Carbon Capture and Storage

Carbon capture and storage (CCS) captures the CO2 emitted from industrial processes and stores it deep underground. It is critical in preventing the rise in atmospheric CO2 since much CO2 emitting industrial activity is likely for decades to come despite essential developments in areas such as renewables for electricity generation and plants and algae in biofuel/chemical production.

One method of capture is outlined here. During combustion, fossil fuel reacts with oxygen of the air, producing CO2 and H2O. The product, which also contains nitrogen (from the air), is added to a solvent that only dissolves CO2. Heating the solvent boils off the CO2. This is compressed to a liquid and transported via pipeline or tanker to a site for injection deep underground into a porous rock layer containing a saline aquifer. This resembles a solid sponge with absorbed salty water. (See figure Principle of CCS.) Sometimes present is a depleted oil or gas reservoir‑‑a local region within saline formations where hydrocarbons fill most of the pore space between the rock grains. Injected CO2 dissolves in the saline or displaces the oil/gas, which can be pumped to the surface, offering a means of recovering oil and gas in a carbon-neutral way. An impermeable cap layer covers the porous rock, preventing leakage of CO2. Various methods are under research to prevent leakage through cracks that may develop in the cap rock. Some rock formations contain metal oxides that combine with CO2 to form carbonates, permanently locking in the carbon.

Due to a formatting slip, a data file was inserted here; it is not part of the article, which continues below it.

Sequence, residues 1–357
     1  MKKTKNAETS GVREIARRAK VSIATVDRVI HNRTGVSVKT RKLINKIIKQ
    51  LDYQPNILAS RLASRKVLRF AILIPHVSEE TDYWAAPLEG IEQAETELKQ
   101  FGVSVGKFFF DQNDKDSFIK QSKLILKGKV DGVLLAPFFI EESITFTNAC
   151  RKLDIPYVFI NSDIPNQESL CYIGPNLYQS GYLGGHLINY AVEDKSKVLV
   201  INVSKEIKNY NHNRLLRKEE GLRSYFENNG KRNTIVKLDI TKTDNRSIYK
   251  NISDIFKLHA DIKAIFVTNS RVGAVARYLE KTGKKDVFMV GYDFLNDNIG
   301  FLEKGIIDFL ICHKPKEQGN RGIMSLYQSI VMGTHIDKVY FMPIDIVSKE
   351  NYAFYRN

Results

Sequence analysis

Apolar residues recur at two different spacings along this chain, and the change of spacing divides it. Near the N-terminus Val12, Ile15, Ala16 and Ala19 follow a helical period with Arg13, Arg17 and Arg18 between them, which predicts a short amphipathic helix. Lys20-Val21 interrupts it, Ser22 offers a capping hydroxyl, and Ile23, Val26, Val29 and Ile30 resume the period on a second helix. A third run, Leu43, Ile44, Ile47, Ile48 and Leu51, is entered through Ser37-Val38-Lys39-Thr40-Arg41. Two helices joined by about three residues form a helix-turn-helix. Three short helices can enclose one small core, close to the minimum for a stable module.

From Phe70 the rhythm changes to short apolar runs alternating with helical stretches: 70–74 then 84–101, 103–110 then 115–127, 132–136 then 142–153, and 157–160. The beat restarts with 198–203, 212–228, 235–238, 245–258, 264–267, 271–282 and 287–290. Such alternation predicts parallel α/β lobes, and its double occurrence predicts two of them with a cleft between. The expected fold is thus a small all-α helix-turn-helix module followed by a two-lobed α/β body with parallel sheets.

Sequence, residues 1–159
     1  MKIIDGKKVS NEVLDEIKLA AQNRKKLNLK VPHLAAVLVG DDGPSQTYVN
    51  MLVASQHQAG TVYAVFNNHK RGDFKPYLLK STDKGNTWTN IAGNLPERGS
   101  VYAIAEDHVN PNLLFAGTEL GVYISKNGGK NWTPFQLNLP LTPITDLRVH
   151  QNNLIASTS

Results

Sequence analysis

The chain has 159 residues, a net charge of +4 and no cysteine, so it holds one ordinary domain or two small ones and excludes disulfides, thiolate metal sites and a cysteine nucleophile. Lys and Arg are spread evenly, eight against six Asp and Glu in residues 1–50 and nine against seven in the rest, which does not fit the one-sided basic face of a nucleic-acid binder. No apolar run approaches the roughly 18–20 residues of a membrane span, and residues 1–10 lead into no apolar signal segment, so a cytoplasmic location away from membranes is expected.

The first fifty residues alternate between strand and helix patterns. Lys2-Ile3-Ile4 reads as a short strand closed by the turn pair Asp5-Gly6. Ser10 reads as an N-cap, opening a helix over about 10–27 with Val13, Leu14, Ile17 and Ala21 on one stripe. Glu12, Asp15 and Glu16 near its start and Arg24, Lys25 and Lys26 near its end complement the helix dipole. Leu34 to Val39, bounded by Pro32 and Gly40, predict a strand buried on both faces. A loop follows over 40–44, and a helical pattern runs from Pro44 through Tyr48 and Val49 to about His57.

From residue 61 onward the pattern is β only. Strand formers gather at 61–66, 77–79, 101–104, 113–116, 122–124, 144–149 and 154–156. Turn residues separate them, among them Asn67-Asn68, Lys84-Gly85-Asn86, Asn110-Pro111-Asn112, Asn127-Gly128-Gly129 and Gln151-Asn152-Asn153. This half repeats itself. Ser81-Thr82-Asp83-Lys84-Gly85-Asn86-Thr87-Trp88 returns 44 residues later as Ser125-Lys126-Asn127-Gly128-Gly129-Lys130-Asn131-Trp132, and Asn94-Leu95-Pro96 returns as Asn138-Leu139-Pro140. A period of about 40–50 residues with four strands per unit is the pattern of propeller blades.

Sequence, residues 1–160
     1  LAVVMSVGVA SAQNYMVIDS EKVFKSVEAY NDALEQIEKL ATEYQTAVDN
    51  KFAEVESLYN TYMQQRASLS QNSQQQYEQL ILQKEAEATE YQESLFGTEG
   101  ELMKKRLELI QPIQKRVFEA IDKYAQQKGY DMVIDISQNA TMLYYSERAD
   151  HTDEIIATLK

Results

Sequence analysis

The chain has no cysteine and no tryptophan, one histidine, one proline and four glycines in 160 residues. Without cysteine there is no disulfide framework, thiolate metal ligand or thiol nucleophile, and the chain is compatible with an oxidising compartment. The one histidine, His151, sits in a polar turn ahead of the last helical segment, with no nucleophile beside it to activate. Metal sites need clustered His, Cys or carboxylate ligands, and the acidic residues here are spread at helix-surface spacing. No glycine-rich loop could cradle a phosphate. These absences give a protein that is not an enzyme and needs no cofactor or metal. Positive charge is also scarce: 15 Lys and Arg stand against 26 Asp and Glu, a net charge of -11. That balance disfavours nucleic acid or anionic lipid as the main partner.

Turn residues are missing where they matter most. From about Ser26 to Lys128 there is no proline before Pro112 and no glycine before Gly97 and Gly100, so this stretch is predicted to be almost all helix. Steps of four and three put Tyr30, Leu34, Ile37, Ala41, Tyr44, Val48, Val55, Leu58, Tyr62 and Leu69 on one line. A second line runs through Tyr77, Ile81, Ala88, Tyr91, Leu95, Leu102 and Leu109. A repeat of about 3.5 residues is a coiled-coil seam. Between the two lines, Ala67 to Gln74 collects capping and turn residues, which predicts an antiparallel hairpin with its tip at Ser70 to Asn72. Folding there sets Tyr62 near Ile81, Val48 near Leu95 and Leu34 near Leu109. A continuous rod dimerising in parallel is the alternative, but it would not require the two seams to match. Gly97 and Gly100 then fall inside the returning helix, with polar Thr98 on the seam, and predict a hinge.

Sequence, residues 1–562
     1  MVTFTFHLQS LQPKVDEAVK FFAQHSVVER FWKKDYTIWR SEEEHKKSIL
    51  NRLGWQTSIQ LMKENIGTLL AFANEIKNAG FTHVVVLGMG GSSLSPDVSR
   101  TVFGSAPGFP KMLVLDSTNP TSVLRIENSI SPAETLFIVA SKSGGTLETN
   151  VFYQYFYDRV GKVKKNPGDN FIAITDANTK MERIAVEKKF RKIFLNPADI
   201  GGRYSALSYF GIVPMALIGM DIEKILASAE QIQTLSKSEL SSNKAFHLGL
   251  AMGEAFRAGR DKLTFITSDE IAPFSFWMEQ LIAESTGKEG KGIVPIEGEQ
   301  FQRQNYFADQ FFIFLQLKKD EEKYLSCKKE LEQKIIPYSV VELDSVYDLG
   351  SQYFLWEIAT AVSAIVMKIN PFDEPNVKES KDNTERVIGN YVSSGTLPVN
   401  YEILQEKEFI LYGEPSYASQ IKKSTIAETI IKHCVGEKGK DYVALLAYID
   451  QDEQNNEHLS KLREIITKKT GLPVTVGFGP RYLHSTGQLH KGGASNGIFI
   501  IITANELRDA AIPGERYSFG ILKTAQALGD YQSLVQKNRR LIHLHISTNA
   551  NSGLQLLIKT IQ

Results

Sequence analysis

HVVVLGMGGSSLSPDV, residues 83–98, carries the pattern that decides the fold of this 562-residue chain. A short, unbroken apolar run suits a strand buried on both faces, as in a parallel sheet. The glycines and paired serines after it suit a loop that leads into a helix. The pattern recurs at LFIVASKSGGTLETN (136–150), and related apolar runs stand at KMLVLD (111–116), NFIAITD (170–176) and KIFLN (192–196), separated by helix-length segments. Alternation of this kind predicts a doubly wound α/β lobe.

Principle of CCS

Globally, four commercial-scale storage projects involving oil/gas reservoirs are in operation—two in the North Sea. No significant leakage of CO2 has been detected in the monitoring of these sites (Myer, 2011). Durham Energy Institute is researching the prospect of using CO2 from industrial processes on Teesside to extract the remainder of the oil from depleted North Sea reservoirs, leaving behind the CO2 in the process.

References

BELLONA CCS WEB: Introduction to CCS http://bellona.org/ccs/. The five-minute video provides a clear explanation of CCS principles.

Myer L (2011) Global Status of Geologic CO2 Storage Technology Development. The US Carbon Sequestration Council. http://www.iea-coal.org.uk/publishor/system/component_view.asp?LogDocId=82579&PhyDocID=7892

Durham Energy Institute: http://www.dur.ac.uk/dei/research/geoenergy/

Alan Myers
11 September 2011